Who is it is glad just to play and play,
Who brings us to mirth at his queer little styles,
Who's so funny and dear that he keeps us in smiles,
Who makes us laugh at his clever wiles,
VVho is it our highest ideals we have taught,
Who makes us hope he will live as he ought,
Who gives us moments of wonder and thought,
The child. 4 RUTH WINTERSTEEN.
One little child who was a twin was visiting a friend. She began to ask ques-
tions, one of which was: "Are you married, Mrs. Smith ?" "Yes," replied Mrs.
Smith, "I am." "Is Mr. Smith married P" "Yes, he is." "When were you married,
Mrs. Smith ?" "On the sixth of June?" "When was Mr. Smith married ?" "On
the same day, the sixth of June." "Why, I didn't know you were twins!"
A child was searching for something and did not seem able to find it. She finally
exclaimed, "Girls should have eyes just like potatoes, .then they could find things."
In playing "London Bridge" some children had great difficulty in deciding which
to choose as they were asked, "What would you rather have-your country's Hag
dragged in the dust, or your grandmother.killed ?"
A kindergartner was going out to dinxier, and consequently was all dressed up.
Getting off the car she was met by some of the children, one of whom remarked: "If
I hadn't knowed you was a teacher I would think you was a lady!"
THE OIILIISY SON
It was her mother's birthday and the four-year-old was up in her lap patting her.
All of a sudden she found a gray hair and said: "Mother, you have one gray hair!"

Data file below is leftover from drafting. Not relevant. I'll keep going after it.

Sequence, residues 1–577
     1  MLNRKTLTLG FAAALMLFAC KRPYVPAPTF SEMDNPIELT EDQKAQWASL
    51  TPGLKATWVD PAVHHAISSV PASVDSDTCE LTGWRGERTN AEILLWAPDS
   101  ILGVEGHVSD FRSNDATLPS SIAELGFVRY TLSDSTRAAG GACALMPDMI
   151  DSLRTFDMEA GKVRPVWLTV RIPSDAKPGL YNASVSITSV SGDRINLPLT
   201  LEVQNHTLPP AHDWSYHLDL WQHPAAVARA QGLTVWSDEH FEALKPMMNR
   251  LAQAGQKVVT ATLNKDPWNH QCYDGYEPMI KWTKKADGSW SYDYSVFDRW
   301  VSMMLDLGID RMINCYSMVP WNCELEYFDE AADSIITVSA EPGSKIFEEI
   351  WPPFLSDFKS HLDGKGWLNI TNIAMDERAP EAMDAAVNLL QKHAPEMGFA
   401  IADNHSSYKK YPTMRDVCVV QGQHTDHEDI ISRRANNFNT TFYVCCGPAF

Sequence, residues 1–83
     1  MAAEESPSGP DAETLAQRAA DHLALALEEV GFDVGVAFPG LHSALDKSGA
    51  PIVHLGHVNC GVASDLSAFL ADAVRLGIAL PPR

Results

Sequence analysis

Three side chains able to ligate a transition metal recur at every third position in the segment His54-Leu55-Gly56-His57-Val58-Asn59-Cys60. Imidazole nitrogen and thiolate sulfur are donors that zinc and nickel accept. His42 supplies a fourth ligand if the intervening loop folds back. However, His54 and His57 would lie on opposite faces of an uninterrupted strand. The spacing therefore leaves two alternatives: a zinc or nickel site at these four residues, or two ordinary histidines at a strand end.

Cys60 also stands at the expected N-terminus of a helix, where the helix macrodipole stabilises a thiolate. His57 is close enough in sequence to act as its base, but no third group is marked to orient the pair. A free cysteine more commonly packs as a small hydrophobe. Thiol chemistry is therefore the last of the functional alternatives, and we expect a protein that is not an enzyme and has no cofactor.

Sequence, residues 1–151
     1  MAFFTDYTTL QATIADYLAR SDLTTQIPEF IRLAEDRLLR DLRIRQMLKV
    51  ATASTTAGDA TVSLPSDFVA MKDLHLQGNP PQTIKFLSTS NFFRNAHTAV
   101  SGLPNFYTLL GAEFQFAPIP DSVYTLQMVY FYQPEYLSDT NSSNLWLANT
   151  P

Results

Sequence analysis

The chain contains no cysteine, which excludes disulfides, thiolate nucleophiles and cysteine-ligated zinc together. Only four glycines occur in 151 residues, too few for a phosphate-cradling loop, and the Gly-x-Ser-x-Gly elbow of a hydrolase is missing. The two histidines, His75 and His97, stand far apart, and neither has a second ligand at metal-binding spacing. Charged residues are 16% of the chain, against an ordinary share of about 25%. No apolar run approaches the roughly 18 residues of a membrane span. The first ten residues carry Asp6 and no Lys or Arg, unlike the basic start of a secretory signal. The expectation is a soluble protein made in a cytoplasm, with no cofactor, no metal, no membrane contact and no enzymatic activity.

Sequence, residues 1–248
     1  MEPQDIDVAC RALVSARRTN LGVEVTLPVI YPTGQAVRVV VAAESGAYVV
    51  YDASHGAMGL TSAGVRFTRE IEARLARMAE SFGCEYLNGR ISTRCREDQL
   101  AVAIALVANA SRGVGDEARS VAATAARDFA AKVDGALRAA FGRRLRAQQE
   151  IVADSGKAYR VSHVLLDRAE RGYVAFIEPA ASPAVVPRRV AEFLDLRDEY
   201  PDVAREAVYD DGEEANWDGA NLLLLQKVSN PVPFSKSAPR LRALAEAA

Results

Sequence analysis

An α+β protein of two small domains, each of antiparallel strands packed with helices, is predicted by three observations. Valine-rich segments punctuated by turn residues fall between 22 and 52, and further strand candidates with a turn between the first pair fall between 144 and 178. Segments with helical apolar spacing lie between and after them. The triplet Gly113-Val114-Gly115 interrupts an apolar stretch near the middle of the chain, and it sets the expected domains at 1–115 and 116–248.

The father being there thought it a very opportune time to teach a moral so he said:
"Yes, mother has a gray hair, and every time you are naughty she will get one more."
The child looked from father to mother and then said: "And Grandma's hair is all
One of our Senior Directors writes: "During the cold weather my little Stella
came to kindergarten minus underwear, so I presented her with some. She promised
that she would wear them every day. Today I was suspicious and asked her if she
had her 'panties' on. 'Yep, I got 'em, Miss Jaker,' and she proceeded to prove her
statement. Lo and behold to my astonished eyes-were her 'panties' but only one
leg! In answer to my question, she said, 'Oh, mama cut them in two so she could
wash them and I'd still have some on."
In Mission Kindergartens the children were having their first experience with
butterflies. One little girl studying over it said: "Butterfly, butterflies, butter doesn't